Venturing into romance

Marian Perera

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The criticisms of Romance are ludicrous. You don't want to read about people's road to HEA? Choose a different genre.
Exactly. In one of these discussions, I got so annoyed that I asked, "What's the point of coming to the romance forum to tell romance readers how much you dislike romance?" To which the reply was, "oh, I didn't realize this was the romance forum."
 

MMarquez

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I've thought about that a lot. It's just hard for me to wrap my head around that being the sole or even biggest reason for it.
It's largely written and consumed by women.
I also think it comes down to people hearing romance and automatically thinking paperback with a shirtless cowboy/duke. I've even read some of those and been thoroughly entertained :)
 
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lizmonster

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I've thought about that a lot. It's just hard for me to wrap my head around that being the sole or even biggest reason for it.

Sole? Probably not. But history has too many cases of things being culturally and financially devalued when women become involved.

Romance is the biggest financial driver of the publishing industry (although not the source of most bestsellers). Publishers are constantly trying to figure out how to tap into romance dollars, sometimes to the detriment of authors. It's an incredibly lucrative market, and yet somehow also some kind of third rail.
 

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So to all the romance authors: what do you love about writing romance? Is there anything you hate?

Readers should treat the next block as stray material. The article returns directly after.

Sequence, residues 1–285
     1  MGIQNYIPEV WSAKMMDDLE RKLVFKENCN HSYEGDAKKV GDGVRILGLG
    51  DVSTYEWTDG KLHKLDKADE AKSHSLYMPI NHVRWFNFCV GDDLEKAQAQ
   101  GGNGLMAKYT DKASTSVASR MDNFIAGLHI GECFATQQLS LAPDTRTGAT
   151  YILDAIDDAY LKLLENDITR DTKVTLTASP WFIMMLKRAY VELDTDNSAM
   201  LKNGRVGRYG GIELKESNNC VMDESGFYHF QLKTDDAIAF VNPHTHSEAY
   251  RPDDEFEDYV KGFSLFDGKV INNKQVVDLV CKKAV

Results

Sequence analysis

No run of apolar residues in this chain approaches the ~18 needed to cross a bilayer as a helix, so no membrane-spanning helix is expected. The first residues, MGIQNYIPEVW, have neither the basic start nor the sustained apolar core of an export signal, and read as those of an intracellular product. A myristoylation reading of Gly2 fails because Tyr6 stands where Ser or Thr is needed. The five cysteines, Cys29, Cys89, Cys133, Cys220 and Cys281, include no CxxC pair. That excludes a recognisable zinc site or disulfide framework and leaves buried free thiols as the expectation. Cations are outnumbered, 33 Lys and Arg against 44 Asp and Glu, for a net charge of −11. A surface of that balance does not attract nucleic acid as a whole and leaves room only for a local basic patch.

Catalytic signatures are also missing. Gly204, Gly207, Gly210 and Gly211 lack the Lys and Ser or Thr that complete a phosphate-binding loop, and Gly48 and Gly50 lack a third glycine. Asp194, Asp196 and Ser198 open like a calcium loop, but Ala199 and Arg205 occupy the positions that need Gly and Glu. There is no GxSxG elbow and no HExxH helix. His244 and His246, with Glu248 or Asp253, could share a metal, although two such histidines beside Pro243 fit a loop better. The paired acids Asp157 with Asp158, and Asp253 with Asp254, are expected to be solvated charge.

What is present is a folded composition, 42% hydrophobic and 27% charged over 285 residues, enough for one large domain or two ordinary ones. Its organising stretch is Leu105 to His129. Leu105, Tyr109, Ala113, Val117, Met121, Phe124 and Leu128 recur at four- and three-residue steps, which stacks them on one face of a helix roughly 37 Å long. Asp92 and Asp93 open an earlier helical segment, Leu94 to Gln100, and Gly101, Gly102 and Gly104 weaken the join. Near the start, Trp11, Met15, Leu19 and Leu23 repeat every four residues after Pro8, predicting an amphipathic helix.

Do you have any advice for a newbie to the genre?
Yay - you're writing a romance!
What I love is creating characters that you love, then throwing so many obstacles at them that you make it nearly impossible for the relationship to succeed, but then guess what... drum roll... they do (surprise, surprise ;) )

Nothing new here, but what I hate is the self-doubt and filtering that comes from thinking that your writing may be taken offensively by some readers when none is intended. Which is one of the reason's SYW is so great because you have such a wide audience of readers to shake their finger at you :)

Advice: Also a newbie, and you are likely already aware of this, but there are a number of romance publishers you can submit to unagented. If that is the route you're thinking of going - you may want to check out their submission guidelines in advance to make sure your writing is on target with what they are looking for.
 

Fi Webster

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What I love is creating characters that you love, then throwing so many obstacles at them that you make it nearly impossible for the relationship to succeed, but then guess what... drum roll... they do (surprise, surprise ;) )

As a non-reader of the romance genre, I'm puzzled by repeated statements in this thread to the effect that fictional romances all have happy endings.